The Kings were unable to bring up a replacement from the minor leagues for the injured Anze Kopitar and will be forced to play one player short tonight against the Flyers, according to Kings General Manager Dean Lombardi.
They landed in this specific situation because of Kopitar’s injury, salary-cap issues and the fact that recently suspended defenseman Slava Voynov’s salary still counts against their cap total. Voynov was suspended indefinitely by the NHL last week after his arrest on suspicion of domestic violence and is still getting paid.
He has not been charged and has missed two games. Tonight will be the third one. The Kings are too close to the salary cap to recall a player and had been trying to bring up Jordan Weal from their minor-league affiliate in Manchester, N.H., and had been trying to craft a solution with the NHL and the NHLPA.
“It’s one thing for the player to have to pay the penalty,” Lombardi said in a interview with The Times. “It’s another thing for 19 other guys to have to go out there shorthanded tonight.”
Lombardi cycled back to a theme of his from last week, saying he was mad at himself for not taking “more time’ to do a better job educating the players about issues dealing with “conduct away from the rink.”
He used the term “political football,” to describe the Voynov situation.
“I’m more mad at myself I didn’t take more time, and didn’t do a better job,” Lombardi said. “The penalty now is now not only losing the player … your team now pays the price.”
“The bottom line after talking about this for 48 hours: This is our fault. I told my owner. We have train them strength-wise, nutrition-wise. Basically we almost need a morals coach. It’s not media training.
“It’s my responsibility. This won’t happen again. Or it won’t be because we didn’t do a better job training them in strength, nutrition and development. This clearly sends a message you have a job to train your players as far as conduct away from the rink.
“The price is steep. It’s fine. I’ve learned my lesson.”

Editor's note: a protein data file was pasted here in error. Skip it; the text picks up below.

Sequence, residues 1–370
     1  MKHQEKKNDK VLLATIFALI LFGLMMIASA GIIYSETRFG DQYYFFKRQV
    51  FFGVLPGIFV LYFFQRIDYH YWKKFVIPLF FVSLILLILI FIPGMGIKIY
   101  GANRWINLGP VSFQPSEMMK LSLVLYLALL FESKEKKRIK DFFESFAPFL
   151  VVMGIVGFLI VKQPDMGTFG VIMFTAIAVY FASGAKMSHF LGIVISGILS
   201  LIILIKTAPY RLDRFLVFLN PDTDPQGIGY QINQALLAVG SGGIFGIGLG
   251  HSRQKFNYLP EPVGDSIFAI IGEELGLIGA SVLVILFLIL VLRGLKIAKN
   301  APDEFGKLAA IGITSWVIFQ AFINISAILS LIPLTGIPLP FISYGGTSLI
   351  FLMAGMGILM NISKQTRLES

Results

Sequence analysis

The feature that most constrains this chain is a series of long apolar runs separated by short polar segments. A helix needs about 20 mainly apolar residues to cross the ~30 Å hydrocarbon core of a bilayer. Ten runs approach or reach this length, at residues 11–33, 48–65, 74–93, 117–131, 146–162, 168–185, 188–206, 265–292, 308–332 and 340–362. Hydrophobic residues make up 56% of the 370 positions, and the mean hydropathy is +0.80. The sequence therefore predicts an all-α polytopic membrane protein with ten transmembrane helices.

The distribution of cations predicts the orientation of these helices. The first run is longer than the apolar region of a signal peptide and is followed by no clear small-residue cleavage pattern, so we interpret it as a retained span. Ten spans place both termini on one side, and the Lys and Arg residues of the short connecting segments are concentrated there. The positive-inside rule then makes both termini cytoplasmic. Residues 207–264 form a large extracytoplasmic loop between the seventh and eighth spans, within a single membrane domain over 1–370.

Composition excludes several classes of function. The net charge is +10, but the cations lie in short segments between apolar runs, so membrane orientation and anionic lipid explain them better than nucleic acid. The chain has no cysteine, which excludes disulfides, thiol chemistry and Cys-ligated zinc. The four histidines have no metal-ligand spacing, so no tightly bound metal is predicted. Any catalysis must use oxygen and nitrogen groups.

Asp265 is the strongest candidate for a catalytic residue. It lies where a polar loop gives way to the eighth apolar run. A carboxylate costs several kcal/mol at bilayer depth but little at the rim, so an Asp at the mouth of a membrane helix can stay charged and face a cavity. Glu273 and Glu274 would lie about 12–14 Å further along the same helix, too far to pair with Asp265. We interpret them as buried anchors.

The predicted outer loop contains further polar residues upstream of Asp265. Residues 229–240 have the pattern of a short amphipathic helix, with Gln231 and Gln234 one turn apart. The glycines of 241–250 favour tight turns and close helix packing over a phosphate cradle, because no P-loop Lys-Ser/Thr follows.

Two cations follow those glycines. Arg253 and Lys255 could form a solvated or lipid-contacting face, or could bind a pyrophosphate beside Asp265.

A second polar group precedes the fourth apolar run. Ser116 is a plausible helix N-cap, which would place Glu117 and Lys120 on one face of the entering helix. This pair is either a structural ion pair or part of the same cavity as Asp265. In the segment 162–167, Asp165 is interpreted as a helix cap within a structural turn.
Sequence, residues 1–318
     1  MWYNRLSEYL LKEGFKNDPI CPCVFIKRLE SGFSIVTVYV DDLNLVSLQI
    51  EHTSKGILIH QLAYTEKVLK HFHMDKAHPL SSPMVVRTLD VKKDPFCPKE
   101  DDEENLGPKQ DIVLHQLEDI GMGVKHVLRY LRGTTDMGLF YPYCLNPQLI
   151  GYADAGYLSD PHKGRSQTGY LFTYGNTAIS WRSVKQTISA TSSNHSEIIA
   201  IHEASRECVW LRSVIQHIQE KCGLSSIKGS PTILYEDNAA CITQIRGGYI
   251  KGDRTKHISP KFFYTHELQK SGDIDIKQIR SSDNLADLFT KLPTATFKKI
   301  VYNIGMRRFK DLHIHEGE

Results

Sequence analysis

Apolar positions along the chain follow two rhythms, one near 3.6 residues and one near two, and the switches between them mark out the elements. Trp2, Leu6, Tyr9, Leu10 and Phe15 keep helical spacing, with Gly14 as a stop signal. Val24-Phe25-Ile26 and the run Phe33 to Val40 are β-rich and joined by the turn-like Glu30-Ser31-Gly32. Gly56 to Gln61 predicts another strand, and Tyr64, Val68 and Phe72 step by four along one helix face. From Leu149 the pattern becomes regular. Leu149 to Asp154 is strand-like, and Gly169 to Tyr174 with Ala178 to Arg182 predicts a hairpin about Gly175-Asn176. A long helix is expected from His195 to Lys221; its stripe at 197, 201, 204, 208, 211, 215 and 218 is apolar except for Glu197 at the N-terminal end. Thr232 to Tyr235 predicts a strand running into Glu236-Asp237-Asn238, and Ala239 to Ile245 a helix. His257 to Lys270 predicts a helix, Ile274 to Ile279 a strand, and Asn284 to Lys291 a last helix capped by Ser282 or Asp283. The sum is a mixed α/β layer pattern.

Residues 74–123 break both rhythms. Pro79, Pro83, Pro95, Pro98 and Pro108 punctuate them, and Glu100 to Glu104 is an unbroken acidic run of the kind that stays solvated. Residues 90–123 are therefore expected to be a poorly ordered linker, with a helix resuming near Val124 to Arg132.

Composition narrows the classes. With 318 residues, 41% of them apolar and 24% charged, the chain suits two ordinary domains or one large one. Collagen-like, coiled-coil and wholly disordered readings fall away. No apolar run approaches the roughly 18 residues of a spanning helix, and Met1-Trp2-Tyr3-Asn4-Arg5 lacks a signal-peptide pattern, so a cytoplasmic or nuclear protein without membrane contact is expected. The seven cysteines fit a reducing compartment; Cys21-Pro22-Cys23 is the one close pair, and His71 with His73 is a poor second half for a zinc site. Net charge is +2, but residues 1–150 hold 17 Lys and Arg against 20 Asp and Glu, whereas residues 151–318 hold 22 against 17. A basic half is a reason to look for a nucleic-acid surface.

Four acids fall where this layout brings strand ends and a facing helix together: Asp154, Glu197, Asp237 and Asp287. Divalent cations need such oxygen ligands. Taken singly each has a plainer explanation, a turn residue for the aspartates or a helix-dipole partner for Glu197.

Earlier, NHL Deputy Commissioner Bill Daly acknowledged that any move made on the roster/cap-relief side had to be done in conjunction with the Players’ Assn. He had said it was “certainly possible” that no relief would be available in time for tonight’s game.
Daly added, via email: “It is not unusual for teams to have to dress short on occasion, so if that’s where the Kings are, I am sure they will manage the situation appropriately.”
Kings Coach Darryl Sutter, as is his custom, would not confirm that Kopitar would miss tonight’s game. He did have some encouraging news on the progress of forward Trevor Lewis, who has been out for most of the season because of an upper-body injury.
Lewis, Marian Gaborik and Kopitar all have upper-body injuries. Sutter said on Monday that Kopitar’s injury was not serious but that the team needed to be careful.
The same obviously holds true for Lewis, who is closer to returning than Gaborik.
“He’s close. He wants to play,” Sutter said on Tuesday, of Lewis. “We’ve got a long trip here. We’ll make sure he’s ready in two days, not for a few minutes tonight.”
The season is early but it goes beyond that, Sutter said.
“You know what? We’ve had some frustrating muscle injuries already,” he said. “Just don’t want to prolong them. I’d rather be a day in, or a game off, than miss four or five weeks.”
Said Kopitar: “I felt pretty good on the ice today, so we’ll see about tonight. I’m going to prepare like I’m gong to play and we’ll see how I feel.
“I had a day off yesterday so that obviously helped.”
Captain Dustin Brown could not remember playing short at the start of a game in his long NHL run with the Kings. Kopitar was injured in the second period of Sunday’s win over Columbus.
“I don’t think anything like this,” Brown said. “Probably more where it’s happened where a guy gets hurt on the first shift. We dropped down (one) in the last game halfway through the game. Losing a guy in the first 10 minutes of a game is probably the most similar situation.
“Everyone just gets a couple more [minutes]. Everyone has a range on our team, whether it’s me or Kopi or Drew [Doughty]. The range is within two, three minutes every night.”